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Apple earns key legal victory against Psystar - Page 4

post #121 of 180
Quote:
I wish I could legally run OSX on some decent hardware.

Well, Apple's hardware is 'decent.' It is, for the most part, a work of art.

However, Rain has a point on the GPUs. Melgross can't just say 'it's an industry problem' when people commonly extol the virtues of Apple's mono-hardware/software whole widget culture.

If anything Apple should REALLY be on TOP of GPU driver issues seeing as they flagrantly offer limited choice, out of date GPUs that they over charge for where driver issues should have been cracked ages ago. It's not like Apple have as many GPU drivers to support as Windows does?

In that context...Apple's choice of GPU is limited, the drivers mediocre and way overpriced and simply: old. Especially on machines Apple is charging far more for than equivalent PC performance. By a factor of 100% or more in some cases.

Similarly, while the iMac has a stunning screen, the hardware on the low end is out of date. Quad core i5s are cheap. They'll be in low end PCs. Why not low end iMacs?

The Mac Pro and the ancient 30 inch plastic screen LCD look dreadful value for money. An astronomical. £1900 or nearly £2k for a mediocre quad tower in a nice case. Craaaahhhhp gpu and no monitor included. 30 inch LCD? An unbelievable £1300. £3300k for mediocre quad core and an ageing display. Sure makes the quad iMac look a bargain. But only in the context of 'Apple land.'

So, yeah. They could offer some 'decent' hardware at 'decent' prices. Don't hold your breath though. It's not like the Mac Pro couldn't have a better gpu bundled as standard and be given a steeeeeeeeeeeeeep price cut. But at 30 billion and counting...it seems to be working for Apple...to a degree. That still doesn't make the Mac Pro or Mini a value equation in my opinion.

Oh, yeah. Kinda back on topic. Psystar. You got P-owned. Serves you right. And I hope a light is shone on their backers.

But that doesn't mean Apple's desktop line up is perfect. And there's 95% of the PC market that don't want Apple product. And until they access those customer's concerns they will never reach critical mass. For me, that means a price cut, better gpus as standard (ie more vram on them) and a little more desktop choice...and possibly a 'cheaper' laptop/netbook/tablet equiv'.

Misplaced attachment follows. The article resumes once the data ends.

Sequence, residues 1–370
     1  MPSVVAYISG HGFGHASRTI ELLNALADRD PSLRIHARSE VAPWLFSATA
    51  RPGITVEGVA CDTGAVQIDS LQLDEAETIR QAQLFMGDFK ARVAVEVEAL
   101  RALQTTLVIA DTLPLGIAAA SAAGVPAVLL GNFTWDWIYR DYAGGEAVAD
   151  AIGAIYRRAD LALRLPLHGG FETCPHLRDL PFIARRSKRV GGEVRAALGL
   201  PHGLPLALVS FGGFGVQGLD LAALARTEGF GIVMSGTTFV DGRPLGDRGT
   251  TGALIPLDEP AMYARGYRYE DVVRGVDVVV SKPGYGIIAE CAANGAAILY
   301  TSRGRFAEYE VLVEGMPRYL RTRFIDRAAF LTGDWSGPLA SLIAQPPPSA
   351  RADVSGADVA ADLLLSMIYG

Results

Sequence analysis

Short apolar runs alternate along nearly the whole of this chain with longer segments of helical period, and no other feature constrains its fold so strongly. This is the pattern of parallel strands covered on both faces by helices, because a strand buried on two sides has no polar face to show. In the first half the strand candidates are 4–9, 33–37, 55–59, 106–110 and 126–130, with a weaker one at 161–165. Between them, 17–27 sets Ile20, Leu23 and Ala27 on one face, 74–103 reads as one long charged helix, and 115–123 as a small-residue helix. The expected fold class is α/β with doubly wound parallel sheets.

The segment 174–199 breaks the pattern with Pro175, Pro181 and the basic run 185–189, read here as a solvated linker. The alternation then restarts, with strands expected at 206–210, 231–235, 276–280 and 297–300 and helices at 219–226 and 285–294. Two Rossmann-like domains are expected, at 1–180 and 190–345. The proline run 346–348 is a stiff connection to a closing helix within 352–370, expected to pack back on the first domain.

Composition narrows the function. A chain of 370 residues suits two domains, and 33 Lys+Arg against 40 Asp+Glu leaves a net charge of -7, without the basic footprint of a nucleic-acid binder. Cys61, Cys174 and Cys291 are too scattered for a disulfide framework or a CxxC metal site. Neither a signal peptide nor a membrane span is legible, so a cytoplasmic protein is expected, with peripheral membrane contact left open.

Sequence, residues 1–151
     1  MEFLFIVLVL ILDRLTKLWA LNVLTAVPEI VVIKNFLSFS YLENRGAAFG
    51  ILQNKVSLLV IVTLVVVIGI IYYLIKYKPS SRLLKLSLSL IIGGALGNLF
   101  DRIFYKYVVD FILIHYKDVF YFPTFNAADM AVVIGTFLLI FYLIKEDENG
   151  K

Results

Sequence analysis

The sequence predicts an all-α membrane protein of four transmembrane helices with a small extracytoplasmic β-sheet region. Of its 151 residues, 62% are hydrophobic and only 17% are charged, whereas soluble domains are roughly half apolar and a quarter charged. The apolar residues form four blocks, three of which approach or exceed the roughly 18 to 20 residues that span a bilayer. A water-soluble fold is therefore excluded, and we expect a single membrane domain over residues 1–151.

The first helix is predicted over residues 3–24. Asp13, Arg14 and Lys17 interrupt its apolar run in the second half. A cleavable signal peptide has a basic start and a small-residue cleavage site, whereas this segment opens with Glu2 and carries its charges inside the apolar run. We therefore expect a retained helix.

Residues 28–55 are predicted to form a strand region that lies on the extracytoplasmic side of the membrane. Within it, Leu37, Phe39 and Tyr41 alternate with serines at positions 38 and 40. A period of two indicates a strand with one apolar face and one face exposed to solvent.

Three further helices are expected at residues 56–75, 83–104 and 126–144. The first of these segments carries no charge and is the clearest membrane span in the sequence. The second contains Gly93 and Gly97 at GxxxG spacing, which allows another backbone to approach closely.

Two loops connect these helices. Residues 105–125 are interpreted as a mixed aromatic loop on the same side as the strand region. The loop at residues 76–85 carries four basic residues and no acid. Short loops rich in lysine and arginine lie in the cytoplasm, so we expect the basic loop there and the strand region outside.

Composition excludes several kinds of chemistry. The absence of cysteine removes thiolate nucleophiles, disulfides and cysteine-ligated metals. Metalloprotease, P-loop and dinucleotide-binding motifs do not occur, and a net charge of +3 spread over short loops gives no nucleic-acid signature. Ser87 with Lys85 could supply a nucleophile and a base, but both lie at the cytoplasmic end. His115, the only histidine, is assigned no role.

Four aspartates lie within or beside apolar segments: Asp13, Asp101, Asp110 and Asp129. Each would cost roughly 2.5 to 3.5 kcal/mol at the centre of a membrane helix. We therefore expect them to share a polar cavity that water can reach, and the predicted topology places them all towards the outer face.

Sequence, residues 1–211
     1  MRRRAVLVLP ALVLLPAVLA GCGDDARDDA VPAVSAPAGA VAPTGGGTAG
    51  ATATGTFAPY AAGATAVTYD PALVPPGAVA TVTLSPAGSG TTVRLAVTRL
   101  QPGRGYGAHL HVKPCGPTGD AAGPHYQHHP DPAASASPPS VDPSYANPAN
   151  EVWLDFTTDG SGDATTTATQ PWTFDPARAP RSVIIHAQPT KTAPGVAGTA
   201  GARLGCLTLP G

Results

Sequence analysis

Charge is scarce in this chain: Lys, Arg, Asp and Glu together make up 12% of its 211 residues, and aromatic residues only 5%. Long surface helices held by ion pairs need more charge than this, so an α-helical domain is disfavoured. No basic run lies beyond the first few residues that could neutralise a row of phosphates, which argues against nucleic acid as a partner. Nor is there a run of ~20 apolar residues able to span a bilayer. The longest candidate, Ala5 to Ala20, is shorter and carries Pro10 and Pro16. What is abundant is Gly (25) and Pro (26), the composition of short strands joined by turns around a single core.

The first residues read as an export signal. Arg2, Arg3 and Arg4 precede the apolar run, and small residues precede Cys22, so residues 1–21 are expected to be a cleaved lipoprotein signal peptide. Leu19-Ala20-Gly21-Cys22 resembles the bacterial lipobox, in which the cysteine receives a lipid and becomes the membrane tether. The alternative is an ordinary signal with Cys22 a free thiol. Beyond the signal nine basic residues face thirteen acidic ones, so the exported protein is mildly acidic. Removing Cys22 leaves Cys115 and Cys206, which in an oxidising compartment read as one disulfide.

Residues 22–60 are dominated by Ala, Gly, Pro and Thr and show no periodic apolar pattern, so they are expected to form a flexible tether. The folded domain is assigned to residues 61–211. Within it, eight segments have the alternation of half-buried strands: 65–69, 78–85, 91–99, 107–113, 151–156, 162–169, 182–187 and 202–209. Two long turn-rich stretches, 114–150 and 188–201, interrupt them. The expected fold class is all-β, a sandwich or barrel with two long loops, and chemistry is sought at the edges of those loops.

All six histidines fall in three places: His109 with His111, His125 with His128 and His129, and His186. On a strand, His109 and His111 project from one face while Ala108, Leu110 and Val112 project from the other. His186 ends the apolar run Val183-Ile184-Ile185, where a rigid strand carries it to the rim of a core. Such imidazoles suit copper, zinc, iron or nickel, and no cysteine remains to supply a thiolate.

Lemon Bon Bon.

You know, for a company that specializes in the video-graphics market, you'd think that they would offer top-of-the-line GPUs...

 

WITH THE NEW MAC PRO THEY FINALLY DID!  (But you bend over for it.)

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You know, for a company that specializes in the video-graphics market, you'd think that they would offer top-of-the-line GPUs...

 

WITH THE NEW MAC PRO THEY FINALLY DID!  (But you bend over for it.)

Reply
post #122 of 180
Quote:
Originally Posted by Maximara View Post

With good reason. Even back then even the PC world knew IE had issues thought I have to admit the Mac team that worked on IE for Mac did a fantastic job. Netscape suffered from trying to do too mush and producing a bloated mess.

The booing had a lot more to do with the browser war raging at that time. The open question was whether Microsoft would be allowed to dominate the internet as they had already come to dominate PCs. So much was at stake that Apple making MSIE the "default" browser for the Mac was considered to be a big deal.
Please don't be insane.
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post #123 of 180
Quote:
Originally Posted by Maximara View Post

Given the Copyright Directive is more restrictive than the DMCA it is likely Psystar would have done a major crash and burn there too.

If one reads the decision, it can be seen that the DMCA was just one area amongst a bunch of others that the Judge ruled against Psystar.
post #124 of 180
Quote:
Originally Posted by Lemon Bon Bon. View Post

... Apple should REALLY be on TOP of GPU driver issues seeing as they flagrantly offer limited choice, out of date GPUs that they over charge for where driver issues should have been cracked ages ago. It's not like Apple have as many GPU drivers to support as Windows does?... In that context...Apple's choice of GPU is limited, the drivers mediocre and way overpriced and simply: old. Especially on machines Apple is charging far more for than equivalent PC performance. By a factor of 100% or more in some cases. ....

I've heard this argument again and again over the years, but while it's technically accurate, it's always seemed like more of a red herring to me.

Even the "lamest" of mac hardware (like an old single core PPC mini with integrated graphics), "does the job" that it was intended to do. People are always mentioning that there are faster GPUs or newer ones or whatever, but if you can open and close windows and browse the web the same as with any other PC, and if there are no hangs or glitches, it's really a moot point.

Even on fast windows PC's for instance, many aspects of the OS and the GUI hang or are slow. On a Mac, even with shitty graphics capabilities, you don't tend to see any interface lag at all, so it appears "fast" to the user.